The overlapping wedding rings on my parents’ tombstone aren’t gold, of course, but aside from color, they look much the same as the photo that was the GBE2 prompt this week.
My mother selected that tombstone when my father died in 2005 at the age of 85. The leaky heart valve that kept him from becoming a pilot in the Army Air Corps finally gave out.
My mother hardly knew what to do after that. From the age of 17, her life had been devoted to him.
Neither of my parents came from happy circumstances. My father’s mother died when he was 15. His father was left with seven children, from 17 or so to just a few months old. He did what he had always done—he left them while he went to find work in the Texas and Oklahoma oil fields.
The children lived with relatives while my father tried to finish high school. Finally he and his younger brother left the girls with an aunt and uncle and hopped a freight train to join their father and find work.
My mother’s father was a barber—a good one, I’ve been told. My grandmother was only 13, one of a large family trying to make a living off a small farm in the Midwest, when they married. She had her first child at 15 and was told she probably wouldn’t be able to have any more. About 15 more years passed before she did.
I don’t know when my grandfather started to drink, but I know he was dangerous when he did. Fortunately, he didn’t usually stay home for long. Unfortunately, every time he returned, my grandmother had another child—until his mother gave her the money to divorce him.
By then, my grandmother had four young children to rear at a time when government aid was nearly non-existent. She worked as a cook in a restaurant all day and ironed for people most of the night. Her oldest son helped as much as he could, but he had a wife and two daughters of his own. So to lighten her burden, my mother dropped out of school at the age of 16 and went to work as a waitress.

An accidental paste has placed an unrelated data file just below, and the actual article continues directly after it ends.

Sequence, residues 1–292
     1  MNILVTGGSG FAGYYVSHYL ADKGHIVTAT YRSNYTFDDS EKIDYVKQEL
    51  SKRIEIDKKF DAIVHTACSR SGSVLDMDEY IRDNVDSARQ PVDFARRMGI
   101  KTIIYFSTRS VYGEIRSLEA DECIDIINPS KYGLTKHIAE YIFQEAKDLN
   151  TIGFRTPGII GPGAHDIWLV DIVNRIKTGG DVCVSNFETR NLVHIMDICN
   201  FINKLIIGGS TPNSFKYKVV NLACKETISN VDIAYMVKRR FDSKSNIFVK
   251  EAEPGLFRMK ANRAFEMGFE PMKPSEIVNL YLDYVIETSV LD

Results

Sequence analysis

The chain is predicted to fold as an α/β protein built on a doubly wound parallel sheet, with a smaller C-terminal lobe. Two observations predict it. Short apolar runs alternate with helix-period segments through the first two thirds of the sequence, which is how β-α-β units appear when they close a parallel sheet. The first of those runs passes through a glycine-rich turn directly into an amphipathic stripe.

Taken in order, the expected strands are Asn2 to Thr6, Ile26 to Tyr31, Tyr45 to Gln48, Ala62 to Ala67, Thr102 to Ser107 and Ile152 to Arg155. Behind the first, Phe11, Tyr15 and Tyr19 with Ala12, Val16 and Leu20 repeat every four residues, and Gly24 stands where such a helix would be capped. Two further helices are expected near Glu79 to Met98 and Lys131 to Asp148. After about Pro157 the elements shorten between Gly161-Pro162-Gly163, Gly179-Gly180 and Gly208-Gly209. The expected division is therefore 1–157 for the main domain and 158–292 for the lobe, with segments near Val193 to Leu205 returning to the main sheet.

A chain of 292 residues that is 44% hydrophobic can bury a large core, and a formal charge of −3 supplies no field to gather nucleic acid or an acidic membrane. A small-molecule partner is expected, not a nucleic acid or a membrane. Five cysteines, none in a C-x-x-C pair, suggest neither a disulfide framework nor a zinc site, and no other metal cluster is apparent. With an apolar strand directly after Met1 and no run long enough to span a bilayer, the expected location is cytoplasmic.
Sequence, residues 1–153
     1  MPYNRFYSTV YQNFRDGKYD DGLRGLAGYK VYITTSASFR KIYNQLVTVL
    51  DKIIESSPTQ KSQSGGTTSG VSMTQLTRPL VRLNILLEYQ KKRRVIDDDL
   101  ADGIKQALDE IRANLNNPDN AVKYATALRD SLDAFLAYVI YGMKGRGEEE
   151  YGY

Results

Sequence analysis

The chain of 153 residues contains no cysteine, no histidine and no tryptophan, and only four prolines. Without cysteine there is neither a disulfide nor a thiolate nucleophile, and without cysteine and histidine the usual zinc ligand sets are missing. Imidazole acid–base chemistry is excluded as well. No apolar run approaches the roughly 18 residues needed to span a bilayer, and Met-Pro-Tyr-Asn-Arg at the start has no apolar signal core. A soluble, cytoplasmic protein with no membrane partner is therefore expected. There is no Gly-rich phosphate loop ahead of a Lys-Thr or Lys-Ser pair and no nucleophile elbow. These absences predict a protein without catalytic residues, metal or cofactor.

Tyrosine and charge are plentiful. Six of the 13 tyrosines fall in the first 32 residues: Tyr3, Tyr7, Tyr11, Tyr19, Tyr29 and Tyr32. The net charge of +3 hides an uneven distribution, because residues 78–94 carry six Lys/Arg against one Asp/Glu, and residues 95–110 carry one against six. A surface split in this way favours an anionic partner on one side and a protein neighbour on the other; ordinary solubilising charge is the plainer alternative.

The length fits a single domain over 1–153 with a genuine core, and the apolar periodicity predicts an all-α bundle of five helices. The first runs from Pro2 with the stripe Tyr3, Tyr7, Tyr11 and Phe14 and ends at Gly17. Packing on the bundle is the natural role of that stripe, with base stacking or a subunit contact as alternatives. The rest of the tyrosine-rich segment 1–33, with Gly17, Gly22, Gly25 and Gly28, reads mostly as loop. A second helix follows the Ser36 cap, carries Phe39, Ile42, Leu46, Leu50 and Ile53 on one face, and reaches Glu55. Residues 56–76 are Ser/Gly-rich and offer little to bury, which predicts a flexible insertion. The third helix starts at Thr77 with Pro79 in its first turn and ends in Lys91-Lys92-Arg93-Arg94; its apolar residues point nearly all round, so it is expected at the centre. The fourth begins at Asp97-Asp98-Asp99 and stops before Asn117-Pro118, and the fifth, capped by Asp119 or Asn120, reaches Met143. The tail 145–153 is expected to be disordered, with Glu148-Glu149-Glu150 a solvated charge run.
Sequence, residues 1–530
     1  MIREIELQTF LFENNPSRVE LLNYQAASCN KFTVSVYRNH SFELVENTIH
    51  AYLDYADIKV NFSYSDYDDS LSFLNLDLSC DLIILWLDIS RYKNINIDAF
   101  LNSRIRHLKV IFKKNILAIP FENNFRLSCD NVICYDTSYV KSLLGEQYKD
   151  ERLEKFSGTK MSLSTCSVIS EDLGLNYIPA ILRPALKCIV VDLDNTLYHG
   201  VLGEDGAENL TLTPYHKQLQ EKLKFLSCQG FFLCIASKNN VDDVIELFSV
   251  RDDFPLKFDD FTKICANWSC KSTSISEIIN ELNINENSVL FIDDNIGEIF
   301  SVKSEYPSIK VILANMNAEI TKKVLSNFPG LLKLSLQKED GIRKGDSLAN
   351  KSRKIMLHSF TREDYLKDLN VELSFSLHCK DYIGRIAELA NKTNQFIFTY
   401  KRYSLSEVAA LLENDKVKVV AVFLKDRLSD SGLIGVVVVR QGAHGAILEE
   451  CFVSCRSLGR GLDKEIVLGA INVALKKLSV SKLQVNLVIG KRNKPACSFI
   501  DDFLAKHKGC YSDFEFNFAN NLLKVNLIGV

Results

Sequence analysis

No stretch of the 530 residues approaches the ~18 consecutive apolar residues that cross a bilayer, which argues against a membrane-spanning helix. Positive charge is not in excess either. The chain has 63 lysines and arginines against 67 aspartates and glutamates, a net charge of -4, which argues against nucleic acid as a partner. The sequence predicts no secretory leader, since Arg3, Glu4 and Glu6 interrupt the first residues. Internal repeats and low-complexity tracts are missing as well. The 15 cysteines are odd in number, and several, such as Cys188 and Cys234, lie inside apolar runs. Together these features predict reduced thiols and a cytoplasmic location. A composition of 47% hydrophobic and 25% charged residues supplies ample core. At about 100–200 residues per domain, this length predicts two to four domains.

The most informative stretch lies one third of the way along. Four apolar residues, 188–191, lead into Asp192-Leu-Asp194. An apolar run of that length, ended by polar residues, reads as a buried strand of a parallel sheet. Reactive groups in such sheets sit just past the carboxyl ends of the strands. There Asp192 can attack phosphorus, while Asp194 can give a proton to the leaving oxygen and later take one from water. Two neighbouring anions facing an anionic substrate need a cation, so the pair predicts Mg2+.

Then oil was discovered in Illinois. Drilling in Texas and Oklahoma was showing down, so my father came with his father and stepmother to try their luck in this new area. They often stopped to eat at the restaurant where my mother worked. My mother, now 17, shapely and with a bubbly personality, didn’t care for the boastful older man, but the 20-year-old with the baby face and curly hair was quiet and cute and seemed sweet.
Her boss noticed and said, “Bet you can’t get a date with him.”
My mother responded, “Bet you a quarter I can.”
A week later she collected the quarter. A month later, they married. My father had been 21 just about a week, and my mother was a few months shy of 18. World War II had started, money was scarce, and they expected my father to be drafted any time. Instead, my father joined the Army Air Corps and started training to be a pilot, then a navigator when the leaky heart valve was discovered. The war ended just as he finished training.
My parents went on to build their own house, own their own electrical contracting business, and raise two daughters. When he was in his 40s, my father passed his GED with flying colors and went to work as an electrician for a large university. They had a long and happy retirement before my father’s health began to fail. They were married 64 years.
After he died, my mother moved to a condo near my house. We went out to eat, we shopped, and we took trips together before she started to show symptoms of Lewey Body dementia. She never stopped wanting to be with my father, even in death, and saw him frequently during that last year. She died in 2008 at the age of 86.